The asylum was designated as the County of Northumberland War Hospital by the military and in addition to the medical and surgical cases accepted, 100 beds were also set aside for mental cases. Patients were received by train and temporary operating theatres and other surgical and medical facilities developed in the buildings.
With the return of the civilian population the opportunity was taken to rename the asylum, which became the Newcastle upon Tyne City Mental Hospital. In line with surrounding authorities and the Mental Deficiency Act of 1913 the Newcastle Corporation purchased a site at Shotley Bridge in order to provide a Colony for mentally defective persons. The land formerly comprised of the Whinney House estate, having been developed by the Gateshead Poor Law Guardians as an annexe to their High Teams Workhouse in order to accommodate elderly, infirm and consumptive patients with purpose built pavilion wards and a sanatorium being constructed. The building served as a institution for wounded ex-servicemen between 1919-1926 when the Newcastle corporation bought the site and adapted the existing buildings. Further additions to Shotley Bridge in this period included a hall, infirmary and water tower.
As early as 1931 plans were being developed for additional facilities including a new admissions and treatment complex although delays meant that the development was not commenced until 1939 when it was immediately halted by the onset of World War II.
Shotley Bridge Colony was evacuated at the start of World War II to serve as an Emergency Medical Services Hospital, and a hutted complex was added. The population of the hospital was relocated to other mental deficiency colonies in the area, predominantly to St. Andrew’s Colony Morpeth, however the majority was transferred to the Coxlodge. There, they were located the two villas for working patient, North and South villas and eventually some of the men were placed on the male wing of the hospital. The colony was never returned to its intended purpose and was instead retained for general cases whilst those displaced remained in their temporary accommodation.
After the War, the creation of the National Health Service meant the transfer of the Newcastle upon Tyne City Mental Hospital to the newly formed Newcastle Regional Hospital Board. The new management resulted in a change of name to the ‘St. Nicholas Hospital’, and by 1950 the creation of a new emergency treatment unit.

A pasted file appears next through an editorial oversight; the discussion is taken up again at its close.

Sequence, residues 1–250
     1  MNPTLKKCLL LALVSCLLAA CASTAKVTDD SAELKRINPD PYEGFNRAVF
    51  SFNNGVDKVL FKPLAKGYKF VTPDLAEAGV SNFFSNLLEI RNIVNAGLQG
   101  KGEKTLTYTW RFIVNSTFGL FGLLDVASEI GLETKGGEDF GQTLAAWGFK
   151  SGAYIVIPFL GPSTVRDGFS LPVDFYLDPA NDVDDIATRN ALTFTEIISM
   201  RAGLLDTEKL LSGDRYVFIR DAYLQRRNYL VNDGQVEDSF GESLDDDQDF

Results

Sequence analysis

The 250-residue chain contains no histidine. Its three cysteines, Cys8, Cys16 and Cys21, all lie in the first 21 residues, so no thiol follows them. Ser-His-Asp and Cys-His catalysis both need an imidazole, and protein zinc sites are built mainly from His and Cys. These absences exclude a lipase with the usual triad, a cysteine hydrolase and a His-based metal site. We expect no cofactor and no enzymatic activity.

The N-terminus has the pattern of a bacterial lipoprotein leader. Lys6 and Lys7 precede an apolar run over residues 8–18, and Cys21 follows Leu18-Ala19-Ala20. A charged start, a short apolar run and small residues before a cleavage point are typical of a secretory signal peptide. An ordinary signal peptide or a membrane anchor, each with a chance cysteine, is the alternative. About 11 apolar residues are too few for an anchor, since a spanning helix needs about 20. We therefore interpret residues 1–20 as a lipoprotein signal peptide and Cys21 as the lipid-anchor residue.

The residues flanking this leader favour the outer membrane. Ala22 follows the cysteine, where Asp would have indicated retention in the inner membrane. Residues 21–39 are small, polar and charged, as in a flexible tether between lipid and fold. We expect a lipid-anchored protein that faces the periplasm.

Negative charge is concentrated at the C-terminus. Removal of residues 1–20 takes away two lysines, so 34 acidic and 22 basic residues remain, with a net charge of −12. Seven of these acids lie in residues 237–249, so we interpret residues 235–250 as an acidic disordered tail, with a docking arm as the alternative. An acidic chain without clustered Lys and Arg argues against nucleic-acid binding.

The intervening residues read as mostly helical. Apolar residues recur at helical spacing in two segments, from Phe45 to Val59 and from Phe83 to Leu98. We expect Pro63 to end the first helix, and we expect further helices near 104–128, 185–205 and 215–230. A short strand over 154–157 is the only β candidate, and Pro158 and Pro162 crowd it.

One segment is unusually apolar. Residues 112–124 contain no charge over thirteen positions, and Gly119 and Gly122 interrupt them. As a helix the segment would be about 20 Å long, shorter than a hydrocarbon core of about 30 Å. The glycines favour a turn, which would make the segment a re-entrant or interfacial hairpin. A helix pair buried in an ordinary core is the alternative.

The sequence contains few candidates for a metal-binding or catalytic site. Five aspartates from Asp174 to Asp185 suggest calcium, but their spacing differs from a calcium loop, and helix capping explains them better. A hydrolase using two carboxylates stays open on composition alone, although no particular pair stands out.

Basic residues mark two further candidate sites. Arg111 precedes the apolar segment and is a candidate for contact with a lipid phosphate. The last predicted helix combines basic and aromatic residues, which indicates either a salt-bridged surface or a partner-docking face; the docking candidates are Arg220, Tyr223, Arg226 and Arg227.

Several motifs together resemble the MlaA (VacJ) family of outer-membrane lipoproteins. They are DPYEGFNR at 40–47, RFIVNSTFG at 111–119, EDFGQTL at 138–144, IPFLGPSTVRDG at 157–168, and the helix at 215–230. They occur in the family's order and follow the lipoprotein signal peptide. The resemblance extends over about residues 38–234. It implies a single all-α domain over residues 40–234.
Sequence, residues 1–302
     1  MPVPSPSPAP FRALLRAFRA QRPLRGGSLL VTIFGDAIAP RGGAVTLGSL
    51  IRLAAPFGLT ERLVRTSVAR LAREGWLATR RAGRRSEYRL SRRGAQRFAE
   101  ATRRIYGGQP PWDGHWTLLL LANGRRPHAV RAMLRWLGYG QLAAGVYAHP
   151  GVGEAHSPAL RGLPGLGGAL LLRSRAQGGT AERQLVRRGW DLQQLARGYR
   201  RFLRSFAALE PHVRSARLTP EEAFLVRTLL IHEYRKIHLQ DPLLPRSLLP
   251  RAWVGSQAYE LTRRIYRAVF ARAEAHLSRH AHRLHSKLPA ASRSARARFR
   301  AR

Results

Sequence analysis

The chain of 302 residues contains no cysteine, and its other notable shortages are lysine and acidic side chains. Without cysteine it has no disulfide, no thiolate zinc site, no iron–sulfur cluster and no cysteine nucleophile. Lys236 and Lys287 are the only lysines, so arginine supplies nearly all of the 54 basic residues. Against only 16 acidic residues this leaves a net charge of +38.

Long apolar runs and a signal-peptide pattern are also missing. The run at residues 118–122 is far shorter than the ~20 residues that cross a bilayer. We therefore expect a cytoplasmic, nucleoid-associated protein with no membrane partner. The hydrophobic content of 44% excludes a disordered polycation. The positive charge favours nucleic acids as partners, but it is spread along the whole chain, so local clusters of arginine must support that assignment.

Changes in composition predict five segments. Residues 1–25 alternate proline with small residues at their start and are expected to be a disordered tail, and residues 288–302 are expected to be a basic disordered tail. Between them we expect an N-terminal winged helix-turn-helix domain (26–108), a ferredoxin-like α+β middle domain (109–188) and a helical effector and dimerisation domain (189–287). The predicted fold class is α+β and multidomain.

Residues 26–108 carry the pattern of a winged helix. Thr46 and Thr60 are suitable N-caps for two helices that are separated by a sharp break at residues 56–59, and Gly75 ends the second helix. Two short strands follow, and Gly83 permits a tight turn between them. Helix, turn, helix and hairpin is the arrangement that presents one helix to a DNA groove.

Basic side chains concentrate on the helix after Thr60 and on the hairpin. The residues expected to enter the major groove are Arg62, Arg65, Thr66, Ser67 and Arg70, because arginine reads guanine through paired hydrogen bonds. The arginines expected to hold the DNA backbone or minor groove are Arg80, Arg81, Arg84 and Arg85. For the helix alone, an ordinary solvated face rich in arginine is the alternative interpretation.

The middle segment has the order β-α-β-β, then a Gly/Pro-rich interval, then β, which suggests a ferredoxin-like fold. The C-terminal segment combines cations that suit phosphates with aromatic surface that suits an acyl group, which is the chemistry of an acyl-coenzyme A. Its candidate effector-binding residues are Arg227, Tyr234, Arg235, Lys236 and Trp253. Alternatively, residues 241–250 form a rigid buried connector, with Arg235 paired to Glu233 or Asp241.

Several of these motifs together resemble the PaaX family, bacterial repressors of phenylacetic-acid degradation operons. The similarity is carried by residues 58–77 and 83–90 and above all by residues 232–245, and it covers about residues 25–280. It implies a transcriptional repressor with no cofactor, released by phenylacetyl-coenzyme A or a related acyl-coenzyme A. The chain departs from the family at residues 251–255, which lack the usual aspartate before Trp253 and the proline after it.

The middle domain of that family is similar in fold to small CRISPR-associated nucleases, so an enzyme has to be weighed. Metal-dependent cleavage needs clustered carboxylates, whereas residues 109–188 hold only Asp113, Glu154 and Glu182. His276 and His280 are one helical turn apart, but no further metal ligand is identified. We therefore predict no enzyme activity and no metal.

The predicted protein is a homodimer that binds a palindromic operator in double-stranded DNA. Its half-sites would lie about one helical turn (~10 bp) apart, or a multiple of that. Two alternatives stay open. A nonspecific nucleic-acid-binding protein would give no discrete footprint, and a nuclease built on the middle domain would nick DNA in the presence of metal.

The Newcastle RHB had inherited a number of mental hospitals in various stages of expansion, modernisation and medical progress of which only a few of which had admission hospitals (at Winterton, St. Mary’s and Cherry Knowle) constructed under their previous ownership. The Regional Board set about constructing similar units at the Otterburn house at St. George’s in Morpeth, Carleton Clinic at Garlands as well as the Collingwood Clinic at St. Nicholas.
The plan to continue development of the admissions hospital was revived in the 1950’s on the site opposite the main entrance on Jubilee Road and building commenced in 1954. Beds were to be provided for around 120 patients with about 80 being accommodated in the main building, the remainder in two convalescent wards. The admission and convalescent wards were segregated by gender and the central section formed a treatment unit. The new complex was opened officially on 29th September 1956 although patients were not admitted until the following February. These buildings were joined in 1974 by the Collingwood day hospital for patient’s who were able to reside out of the hospitals main campus.